Moshe Wagner recently released ZmanimPlasma for the Linux platform. This KDEPlasma desktop widget displays the Hebrew date and zmanim on a Linux desktop. The zmanim calculations use Moshe’s C++ portZmanim CLI wrapper that enables a C++ program to call the Java Zmanim API. There are no current plans to make this widget available on any other platform. It can be downloaded from the Luach project download page. Moshe has in the past used the Zmanim API for use in Linux and some cross platform projects. These include the above mentioned Zmanim CLI, and Zmanim GUI that uses the ZmanimCLI.
Updated on 4/13/2010 to reflect information from Moshe explaining that this was not a port
The Zmanim API 1.1 was released early this morning. Information about what changed in this release can be seen in previous posts about various beta and patchreleases. A last minute change involved the removal of the misheyakir calculations commonly used by the Syrian community. The removal was due to the various different minhagim used, and Chacham Yosef Harari-Raful not endorsing any one, or including any, in his calendar. The API is flexible enough to be used for any calculation wanted by the various Syrian shuls even without “native” support for a built in “Ateret Torah” misheyakir. Some missing JavaDocs were also added.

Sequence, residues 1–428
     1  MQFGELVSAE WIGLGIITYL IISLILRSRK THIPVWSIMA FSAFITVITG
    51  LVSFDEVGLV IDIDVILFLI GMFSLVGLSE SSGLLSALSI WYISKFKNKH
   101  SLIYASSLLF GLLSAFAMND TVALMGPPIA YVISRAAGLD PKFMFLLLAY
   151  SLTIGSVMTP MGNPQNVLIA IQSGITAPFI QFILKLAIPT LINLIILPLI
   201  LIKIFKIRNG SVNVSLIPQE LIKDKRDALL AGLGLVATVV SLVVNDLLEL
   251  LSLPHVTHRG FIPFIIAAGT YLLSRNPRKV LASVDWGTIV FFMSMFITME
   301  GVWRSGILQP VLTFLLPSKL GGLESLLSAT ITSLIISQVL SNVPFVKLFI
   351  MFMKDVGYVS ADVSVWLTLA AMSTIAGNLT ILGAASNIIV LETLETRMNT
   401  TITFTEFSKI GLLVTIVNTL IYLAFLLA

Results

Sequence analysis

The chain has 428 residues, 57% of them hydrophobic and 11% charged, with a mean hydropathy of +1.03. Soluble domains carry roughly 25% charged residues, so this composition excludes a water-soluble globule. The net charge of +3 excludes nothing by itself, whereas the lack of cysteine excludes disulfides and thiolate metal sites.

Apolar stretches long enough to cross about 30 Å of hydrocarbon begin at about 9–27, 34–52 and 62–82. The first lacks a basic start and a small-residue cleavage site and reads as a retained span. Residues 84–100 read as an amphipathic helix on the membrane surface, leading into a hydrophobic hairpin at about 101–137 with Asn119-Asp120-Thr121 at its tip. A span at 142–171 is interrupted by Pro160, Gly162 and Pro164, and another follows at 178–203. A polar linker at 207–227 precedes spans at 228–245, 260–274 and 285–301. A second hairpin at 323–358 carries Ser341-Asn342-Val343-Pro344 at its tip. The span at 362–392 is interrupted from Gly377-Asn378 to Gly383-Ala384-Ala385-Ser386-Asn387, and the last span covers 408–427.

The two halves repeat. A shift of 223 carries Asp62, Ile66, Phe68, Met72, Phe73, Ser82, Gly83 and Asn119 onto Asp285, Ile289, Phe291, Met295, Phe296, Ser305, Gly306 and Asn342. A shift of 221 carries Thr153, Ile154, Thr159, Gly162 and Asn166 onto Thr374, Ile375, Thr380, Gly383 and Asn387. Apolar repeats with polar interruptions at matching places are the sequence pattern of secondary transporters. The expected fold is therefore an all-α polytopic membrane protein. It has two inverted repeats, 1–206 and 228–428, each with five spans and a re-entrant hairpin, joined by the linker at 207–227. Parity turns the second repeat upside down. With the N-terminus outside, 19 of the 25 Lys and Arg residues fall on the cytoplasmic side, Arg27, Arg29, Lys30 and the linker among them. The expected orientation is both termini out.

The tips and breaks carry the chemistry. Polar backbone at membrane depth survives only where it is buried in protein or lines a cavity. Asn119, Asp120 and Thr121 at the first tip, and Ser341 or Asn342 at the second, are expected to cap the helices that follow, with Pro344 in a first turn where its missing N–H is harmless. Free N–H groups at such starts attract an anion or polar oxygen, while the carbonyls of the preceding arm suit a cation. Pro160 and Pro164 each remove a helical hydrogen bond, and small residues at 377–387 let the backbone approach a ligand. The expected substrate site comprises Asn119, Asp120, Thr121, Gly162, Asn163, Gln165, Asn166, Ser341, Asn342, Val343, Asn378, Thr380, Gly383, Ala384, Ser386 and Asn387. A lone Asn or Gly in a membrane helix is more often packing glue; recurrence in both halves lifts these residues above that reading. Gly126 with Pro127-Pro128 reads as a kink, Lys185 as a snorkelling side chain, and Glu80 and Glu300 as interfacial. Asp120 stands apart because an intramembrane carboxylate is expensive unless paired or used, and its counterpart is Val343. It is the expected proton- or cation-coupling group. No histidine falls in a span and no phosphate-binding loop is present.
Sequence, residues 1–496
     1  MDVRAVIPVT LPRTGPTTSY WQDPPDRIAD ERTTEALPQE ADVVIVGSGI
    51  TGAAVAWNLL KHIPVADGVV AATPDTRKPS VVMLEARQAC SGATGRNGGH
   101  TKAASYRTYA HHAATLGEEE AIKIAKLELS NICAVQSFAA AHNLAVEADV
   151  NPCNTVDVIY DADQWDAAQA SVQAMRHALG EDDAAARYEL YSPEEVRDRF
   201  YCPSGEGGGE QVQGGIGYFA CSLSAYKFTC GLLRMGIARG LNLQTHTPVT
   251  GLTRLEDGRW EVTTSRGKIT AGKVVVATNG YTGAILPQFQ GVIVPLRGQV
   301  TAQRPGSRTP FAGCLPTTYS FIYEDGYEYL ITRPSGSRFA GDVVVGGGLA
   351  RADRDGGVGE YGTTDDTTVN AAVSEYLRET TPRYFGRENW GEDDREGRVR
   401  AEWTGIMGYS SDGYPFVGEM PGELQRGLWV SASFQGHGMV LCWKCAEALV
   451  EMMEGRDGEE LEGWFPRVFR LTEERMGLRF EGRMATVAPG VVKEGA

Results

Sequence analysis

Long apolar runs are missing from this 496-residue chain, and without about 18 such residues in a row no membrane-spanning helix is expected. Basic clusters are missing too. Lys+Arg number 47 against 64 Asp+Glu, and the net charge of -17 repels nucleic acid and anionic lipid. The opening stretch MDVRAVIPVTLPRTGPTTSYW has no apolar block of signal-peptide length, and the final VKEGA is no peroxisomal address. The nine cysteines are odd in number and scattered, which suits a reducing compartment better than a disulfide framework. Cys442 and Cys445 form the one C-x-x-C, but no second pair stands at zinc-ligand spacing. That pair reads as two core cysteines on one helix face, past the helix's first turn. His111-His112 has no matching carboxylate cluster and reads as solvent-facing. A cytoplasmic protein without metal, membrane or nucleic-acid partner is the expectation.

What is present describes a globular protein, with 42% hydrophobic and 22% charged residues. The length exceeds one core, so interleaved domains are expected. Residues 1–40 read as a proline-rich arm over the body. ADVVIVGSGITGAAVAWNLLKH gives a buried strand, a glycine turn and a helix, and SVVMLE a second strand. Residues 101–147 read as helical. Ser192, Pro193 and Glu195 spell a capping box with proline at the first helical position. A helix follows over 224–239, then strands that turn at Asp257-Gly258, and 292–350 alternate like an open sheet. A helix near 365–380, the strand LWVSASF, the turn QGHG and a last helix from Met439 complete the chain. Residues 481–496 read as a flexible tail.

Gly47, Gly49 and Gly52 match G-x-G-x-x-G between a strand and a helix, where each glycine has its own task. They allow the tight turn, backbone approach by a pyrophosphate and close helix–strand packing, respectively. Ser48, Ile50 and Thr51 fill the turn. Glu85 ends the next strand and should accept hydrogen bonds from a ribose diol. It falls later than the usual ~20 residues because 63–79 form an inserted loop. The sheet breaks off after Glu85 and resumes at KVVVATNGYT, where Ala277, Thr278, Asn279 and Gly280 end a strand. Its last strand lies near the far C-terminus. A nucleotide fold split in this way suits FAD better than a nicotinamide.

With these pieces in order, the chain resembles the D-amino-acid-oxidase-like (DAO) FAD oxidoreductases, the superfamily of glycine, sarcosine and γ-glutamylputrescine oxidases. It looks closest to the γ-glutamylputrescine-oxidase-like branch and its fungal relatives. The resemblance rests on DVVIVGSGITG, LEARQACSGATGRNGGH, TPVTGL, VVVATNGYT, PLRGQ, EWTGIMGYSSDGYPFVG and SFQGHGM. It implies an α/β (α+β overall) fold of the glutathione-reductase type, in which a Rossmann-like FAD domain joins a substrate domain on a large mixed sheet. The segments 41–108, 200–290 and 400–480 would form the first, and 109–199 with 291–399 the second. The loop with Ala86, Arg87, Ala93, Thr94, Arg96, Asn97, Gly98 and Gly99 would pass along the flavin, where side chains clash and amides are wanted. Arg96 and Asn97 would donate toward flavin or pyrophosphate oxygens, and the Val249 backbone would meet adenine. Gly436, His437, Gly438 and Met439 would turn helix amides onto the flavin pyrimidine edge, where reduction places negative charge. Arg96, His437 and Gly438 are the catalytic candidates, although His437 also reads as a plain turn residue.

I would like to again thank Rabbi Rachamim Ashkenazi the publisher of a zmanim calendar for the Syrian Community, and Victor Grazi for his input, testing and technical expertise used for adding the new “Ateret Torah” zmanim.
I was recently contacted by Moshe Wagner who wanted to know if there was a graphical front end to the Zmanim API. While there are variousprogramsthat douse the API, there is no standalone JavaGUI that uses the API (the zmanim clock applet is not easily useful for looking up zmanim for various locations). As first announced in Hebrew ( ZmanimGUI – ממשק להצגת זמני היום ההלכתיים ), Moshe took the API and wrote a Java Swing GUI for the API. The Zmanim GUI (called זמני היום in Hebrew) can switch between Hebrew and English display and shows the most common list of zmanim typically used. The program requires Java 6 and can be launched by double clicking on the ZmaniGui jar file (or execute the command ‘java -jar ZmaninGui.jar’ from a command prompt). As with the Zmanim API, the GUI was released under the GPL2 and is available (including source) on our download page (direct link to version 0.0.87updated on May 12, 2009). Questions and comments can be posted here, or sent directly to Moshe at moshe.wagner -AT- gmail.com.